This week’s app is a music player called Ecoute, for iOS devices. It’s an alternative to the default Music app, with a different interface and some extra features.
Browsing artists, albums, genres and playlists is done using a grid (three across on my iPhone) rather than a plain list, with cover art coming into play. It therefore offers a more visual way to browse compared with Apple’s Music app.
Tapping the ‘Now Playing’ bar at the bottom opens up the screen shown in the screenshot. Album art is shown front and centre and the background changes to match it, in the same way that Notification Centre and Control Centre do in iOS 7. In fact, the interface feels very at home in iOS 7 – as if Apple had designed it themselves.
Tapping the clock icon opens up the list of songs Ecoute intends to play next – random, if on shuffle, or whatever’s next in the current album or playlist if not – and you can re-order or delete songs. The three dots let you access the song’s lyrics, share the artist and title to Facebook and Twitter, or ‘love’ the track on last.fm. Left and right swipes let you go to the next or previous track, although you can also tap the icons as normal if you wish.
Tapping the album art takes you back to the menu screens – a not too obvious gesture that took me a few minutes to work out when I was first testing this app a couple of weeks ago.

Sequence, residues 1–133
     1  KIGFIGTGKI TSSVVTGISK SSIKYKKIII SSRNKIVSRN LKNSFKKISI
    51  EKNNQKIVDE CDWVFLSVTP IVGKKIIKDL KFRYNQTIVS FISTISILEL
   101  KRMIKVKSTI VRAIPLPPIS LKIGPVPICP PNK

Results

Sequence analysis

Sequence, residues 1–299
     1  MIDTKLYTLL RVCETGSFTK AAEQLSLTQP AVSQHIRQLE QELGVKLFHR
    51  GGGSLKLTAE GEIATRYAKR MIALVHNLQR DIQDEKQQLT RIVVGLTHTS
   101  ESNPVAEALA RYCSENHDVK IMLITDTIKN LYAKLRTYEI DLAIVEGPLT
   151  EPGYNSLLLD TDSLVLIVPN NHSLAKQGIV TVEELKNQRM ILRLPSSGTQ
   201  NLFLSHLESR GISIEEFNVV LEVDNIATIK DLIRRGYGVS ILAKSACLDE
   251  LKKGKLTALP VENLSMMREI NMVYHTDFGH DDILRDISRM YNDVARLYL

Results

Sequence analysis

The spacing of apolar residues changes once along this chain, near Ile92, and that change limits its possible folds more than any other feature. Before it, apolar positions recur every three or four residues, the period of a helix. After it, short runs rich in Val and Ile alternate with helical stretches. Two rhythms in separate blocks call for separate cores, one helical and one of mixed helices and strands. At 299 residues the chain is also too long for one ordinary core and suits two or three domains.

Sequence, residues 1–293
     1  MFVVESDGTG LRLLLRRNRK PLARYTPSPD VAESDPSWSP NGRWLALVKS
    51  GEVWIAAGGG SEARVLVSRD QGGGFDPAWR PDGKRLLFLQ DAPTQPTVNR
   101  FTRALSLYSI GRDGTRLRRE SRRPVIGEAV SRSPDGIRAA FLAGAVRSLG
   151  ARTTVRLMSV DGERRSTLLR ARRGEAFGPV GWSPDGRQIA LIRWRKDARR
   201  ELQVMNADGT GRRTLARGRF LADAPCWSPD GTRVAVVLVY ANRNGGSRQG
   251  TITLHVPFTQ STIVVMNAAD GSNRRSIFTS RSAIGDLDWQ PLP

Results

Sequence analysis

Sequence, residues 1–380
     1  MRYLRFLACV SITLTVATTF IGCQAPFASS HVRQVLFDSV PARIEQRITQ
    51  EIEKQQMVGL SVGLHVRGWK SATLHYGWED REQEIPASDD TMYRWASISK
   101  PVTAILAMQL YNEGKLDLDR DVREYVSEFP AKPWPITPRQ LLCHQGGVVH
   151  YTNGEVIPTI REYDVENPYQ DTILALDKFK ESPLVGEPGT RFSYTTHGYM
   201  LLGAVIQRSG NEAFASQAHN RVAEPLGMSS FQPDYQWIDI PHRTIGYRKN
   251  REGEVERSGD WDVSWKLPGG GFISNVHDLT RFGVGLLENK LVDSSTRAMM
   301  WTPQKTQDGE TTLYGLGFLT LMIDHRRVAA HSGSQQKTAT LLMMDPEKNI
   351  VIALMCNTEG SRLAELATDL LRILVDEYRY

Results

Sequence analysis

I mentioned last.fm – Ecoute will scrobble your plays for you in real-time. This means that you don’t need to sync with iTunes to upload your scrobbles. The downside is that, at least in my experience, it’s a bit flaky – some track scrobbled multiple times and others seemingly not at all. However, unlike last.fm’s own Scrobbler app (reviewed last year) it will scrobble in the background on iOS 7 and doesn’t require the app to be open.
AirPlay support is also included, and you can play podcasts without using the Apple’s separate Podcasts app. However, Ecoute doesn’t appear to be able to manage podcast downloads, so you’ll either have to keep the Podcasts app installed or sync with iTunes.
I’ve been using Ecoute as my default player for a couple of weeks now (after it was featured on Lifehacker) and have come to like it. It feels like it was designed for iOS 7, and not simply re-skinned to match the new look like Apple’s Music app was. I certainly plan to carry on with it.
Ecoute is available in the App Store for £2, or $3.